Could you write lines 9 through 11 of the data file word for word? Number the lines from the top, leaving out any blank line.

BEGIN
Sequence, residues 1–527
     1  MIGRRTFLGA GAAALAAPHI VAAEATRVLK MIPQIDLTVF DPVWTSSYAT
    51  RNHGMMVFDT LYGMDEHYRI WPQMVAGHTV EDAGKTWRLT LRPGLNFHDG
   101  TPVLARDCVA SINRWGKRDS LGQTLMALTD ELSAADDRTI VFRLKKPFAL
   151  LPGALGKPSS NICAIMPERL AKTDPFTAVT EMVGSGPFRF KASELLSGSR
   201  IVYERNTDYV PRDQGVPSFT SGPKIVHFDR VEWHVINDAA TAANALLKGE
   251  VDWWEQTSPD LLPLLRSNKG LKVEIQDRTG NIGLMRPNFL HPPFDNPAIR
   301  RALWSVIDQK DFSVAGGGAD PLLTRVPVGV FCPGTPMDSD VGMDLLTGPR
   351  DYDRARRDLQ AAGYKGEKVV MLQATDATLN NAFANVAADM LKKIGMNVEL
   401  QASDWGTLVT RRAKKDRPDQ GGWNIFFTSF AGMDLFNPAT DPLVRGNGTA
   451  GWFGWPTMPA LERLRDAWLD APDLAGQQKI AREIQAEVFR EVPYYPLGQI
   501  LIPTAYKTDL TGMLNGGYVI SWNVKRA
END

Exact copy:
   351  DYDRARRDLQ AAGYKGEKVV MLQATDATLN NAFANVAADM LKKIGMNVEL
   401  QASDWGTLVT RRAKKDRPDQ GGWNIFFTSF AGMDLFNPAT DPLVRGNGTA
   451  GWFGWPTMPA LERLRDAWLD APDLAGQQKI AREIQAEVFR EVPYYPLGQI